Friday, September 12, 2008

Sexism and the election

Right now I am very, very ill with what I had hoped would be a 24 hour bug that seems to be going into overtime, so I apologize in advance that there won't be much depth to this post.

In the meantime, I thought I'd let y'all know that Arthur Silber has been on a roll lately about our culture's hostility toward women and the tendency to accept the sorts of attacks on female electoral candidates that would be entirely unacceptable if lobbed at male candidates. Start here, and work your way back for the last several days, and see what Silber has to say vis a vis the attacks on both Sarah Palin and Hillary Clinton during the current electoral cycle. I myself find both women to hold horrifyingly awful policy positions, although they certainly are not much (if any) different from those of any of their male counterparts.

His essays this past week got me thinking a bit about how the Colorado Green Party had reacted to Cynthia McKinney's candidacy, including the refusal of some of that state party's leadership to accept her candidacy (and for that matter the candidacy of her running mate, Rosa Clemente). As I had noted previously, much of the rhetoric lobbed at them from the likes of David Chandler had been along the lines of them being "radical" and "unfit to lead." At the time, my main focus was on the racist undercurrents that seemed endemic to the Colorado Green Party, but it also occurs as I reflect a bit more that our culture's on-going fear of and hostility toward women plays a significant role as well.

About that on-going hostility, here's a few lines that should give food for thought:
In the late fourth century, Augustine, Bishop of Hippo, was living in an entirely different political world from his Church predecessors. Christianity was no longer a dissident sect but the state religion of Rome. Christians were now free to follow their faith and were officially encouraged to do so. Such a drastic transformation of the social circumstance of Christians required yet another revision of the reading of Genesis. It was Augustine who undertook this new interpretatioin of Adam and Eve, resulting in a viewpoint vastly different from the majority of his Jewish and Christian predecessors. As [Elaine] Pagels notes, what had been read as a tale of the right to quest for human freedom now became an Augustinian story of human bondage. Hitherto, most Jews and Christians had understood from Genesis that God gave humankind the right of moral freedom, and that Adam had misused it and thereby brought death and pain into the world. Augustine, however, was not content with the travails of such an interpretation, and he went a good deal further. He contended that Adam's sin not only caused our mortality but also corrupted our sexuality. If these notions contradicted the notorious sexual conduct of Rome, they indirectly sanctioned the limitations placed on the political freedom of Romanized Christians, a forfeiture that the followers of Jesus paid to Rome for its sanction of religious freedom. It was Augustine who reread Genesis to fit the limitations of Christian freedom within the Roman world. He observed that Adam's sin had not only made sex irreversibly corrupt, but it also cost us our free will, rendering us incapable of genuine political freedom. "Augustine's theory of original sin offered an analysis of human nature that became, for better or worse, the heritage of all subsequent generations of Western Christians and the major influence on their psychological and political thinking." (Pagels)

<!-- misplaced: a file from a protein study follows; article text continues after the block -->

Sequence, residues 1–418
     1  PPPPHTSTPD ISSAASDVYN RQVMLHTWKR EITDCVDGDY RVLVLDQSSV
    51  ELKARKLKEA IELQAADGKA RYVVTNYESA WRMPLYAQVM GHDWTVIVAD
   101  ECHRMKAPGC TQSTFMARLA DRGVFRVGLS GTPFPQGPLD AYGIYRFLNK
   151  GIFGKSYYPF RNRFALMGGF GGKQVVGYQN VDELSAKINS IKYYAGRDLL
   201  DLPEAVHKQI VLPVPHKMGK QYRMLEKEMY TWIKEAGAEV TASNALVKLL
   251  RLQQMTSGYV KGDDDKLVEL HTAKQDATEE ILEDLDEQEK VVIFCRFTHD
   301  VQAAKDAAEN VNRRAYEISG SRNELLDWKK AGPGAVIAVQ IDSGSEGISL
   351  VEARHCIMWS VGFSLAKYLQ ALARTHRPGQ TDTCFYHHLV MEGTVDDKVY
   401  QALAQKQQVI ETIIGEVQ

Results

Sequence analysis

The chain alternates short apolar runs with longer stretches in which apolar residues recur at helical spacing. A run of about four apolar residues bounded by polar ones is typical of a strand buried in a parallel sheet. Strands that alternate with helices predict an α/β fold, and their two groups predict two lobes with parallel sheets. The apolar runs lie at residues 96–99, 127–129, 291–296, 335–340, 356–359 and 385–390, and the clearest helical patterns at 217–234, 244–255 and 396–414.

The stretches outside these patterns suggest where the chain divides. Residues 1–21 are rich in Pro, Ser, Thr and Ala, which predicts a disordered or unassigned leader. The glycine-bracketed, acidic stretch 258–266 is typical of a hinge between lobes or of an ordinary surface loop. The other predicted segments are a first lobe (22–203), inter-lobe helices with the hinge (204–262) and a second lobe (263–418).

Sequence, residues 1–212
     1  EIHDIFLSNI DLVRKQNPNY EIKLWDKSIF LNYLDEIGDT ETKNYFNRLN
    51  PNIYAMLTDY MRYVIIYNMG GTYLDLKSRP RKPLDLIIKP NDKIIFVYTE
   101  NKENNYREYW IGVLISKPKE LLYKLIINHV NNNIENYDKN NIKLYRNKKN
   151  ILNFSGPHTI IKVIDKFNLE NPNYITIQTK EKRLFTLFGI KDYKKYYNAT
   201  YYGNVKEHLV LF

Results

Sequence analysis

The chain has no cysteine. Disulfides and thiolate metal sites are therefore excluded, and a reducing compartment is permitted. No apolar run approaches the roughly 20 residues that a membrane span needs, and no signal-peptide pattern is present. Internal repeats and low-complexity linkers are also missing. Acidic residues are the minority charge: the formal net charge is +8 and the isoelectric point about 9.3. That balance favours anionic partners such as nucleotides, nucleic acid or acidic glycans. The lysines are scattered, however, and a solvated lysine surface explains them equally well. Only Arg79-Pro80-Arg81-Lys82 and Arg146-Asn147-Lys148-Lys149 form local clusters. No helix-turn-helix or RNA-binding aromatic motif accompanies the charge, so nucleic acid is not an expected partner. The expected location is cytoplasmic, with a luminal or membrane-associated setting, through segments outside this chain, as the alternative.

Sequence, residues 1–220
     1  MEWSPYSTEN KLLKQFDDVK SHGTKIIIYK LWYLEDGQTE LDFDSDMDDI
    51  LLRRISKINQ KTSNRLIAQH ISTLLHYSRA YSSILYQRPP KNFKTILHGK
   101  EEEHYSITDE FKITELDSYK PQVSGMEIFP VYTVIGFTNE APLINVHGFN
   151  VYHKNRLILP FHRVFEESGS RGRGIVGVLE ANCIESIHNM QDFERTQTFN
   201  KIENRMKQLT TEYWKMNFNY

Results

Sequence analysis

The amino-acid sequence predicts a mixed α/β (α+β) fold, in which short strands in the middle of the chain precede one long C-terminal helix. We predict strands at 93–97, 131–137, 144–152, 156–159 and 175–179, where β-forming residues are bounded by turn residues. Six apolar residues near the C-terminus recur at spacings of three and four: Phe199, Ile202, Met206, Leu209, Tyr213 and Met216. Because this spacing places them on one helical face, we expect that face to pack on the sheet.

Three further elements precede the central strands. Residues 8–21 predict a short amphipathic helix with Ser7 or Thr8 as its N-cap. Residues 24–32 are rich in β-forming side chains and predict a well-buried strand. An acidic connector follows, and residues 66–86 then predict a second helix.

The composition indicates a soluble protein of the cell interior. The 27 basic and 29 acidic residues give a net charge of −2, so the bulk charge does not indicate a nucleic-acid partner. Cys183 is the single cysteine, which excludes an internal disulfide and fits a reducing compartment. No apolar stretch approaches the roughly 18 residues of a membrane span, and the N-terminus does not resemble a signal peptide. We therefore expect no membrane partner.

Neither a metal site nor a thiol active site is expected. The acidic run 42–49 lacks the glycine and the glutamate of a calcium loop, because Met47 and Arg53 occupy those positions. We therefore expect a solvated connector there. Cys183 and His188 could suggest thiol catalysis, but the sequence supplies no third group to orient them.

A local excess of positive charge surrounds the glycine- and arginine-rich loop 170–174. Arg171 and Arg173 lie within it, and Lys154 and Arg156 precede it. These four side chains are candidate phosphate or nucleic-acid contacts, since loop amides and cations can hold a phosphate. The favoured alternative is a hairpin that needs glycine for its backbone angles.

The conclusion is a must-read:
The conclusion of Oscar Wilde's play, Salome, introduces this essay. Wilde himself tragically knew far too much about the experience of challenging the conventional morality and institutions of power of his time, of living outside the bounds of "acceptable" behavior. Salome is an extraordinary work; in purely literary terms, it is breathtaking. When you have time (it's short and doesn't require a lot), I recommend you read it. Pay special attention to the scene between Salome and Iokanaan. It contains writing of very rare quality. Richard Strauss wrote a spectacularly effective opera using Wilde's full text. If you wish to see a magnificent performance of the Strauss work, I give my highest recommendation to this one. Teresa Stratas is shattering and sublime in the title role.

I chose the conclusion of Salome to highlight this piece for several reasons, only one of which is Wilde's superb imagination and use of language. The last line -- "Kill that woman!" -- captures the final meaning of our culture's loathing of woman, and it captures this all-pervasive attitude in just three terrifying words. But there is a further point that deserves mention, especially as it relates to the political battles that so consume us.

Consider the following aspect of the Salome story, an aspect set into high relief in Wilde's retelling. Herod is a brutal, murderous ruler; his court is noted for its debauchery. Herod is Salome's stepfather -- and he revels in his lust for Salome in front of everyone, including Salome's mother. It is Herod's desire for Salome that leads directly to the play's final moments. Herod wants Salome to dance for him, so that he may enjoy the contemplation of her body more fully. Salome refuses at first, but Herod declares, "whatsoever thou shalt ask of me I will give it thee, even unto the half of my kingdom." Salome extracts a solemn oath from Herod that he will fulfill his promise to give her whatever she demands once she has danced for him; Herod swears, "By my life, by my crown, by my gods." Herod is so consumed by his desire for her that he agrees. Salome shall have "whatsoever thou shalt ask of me..."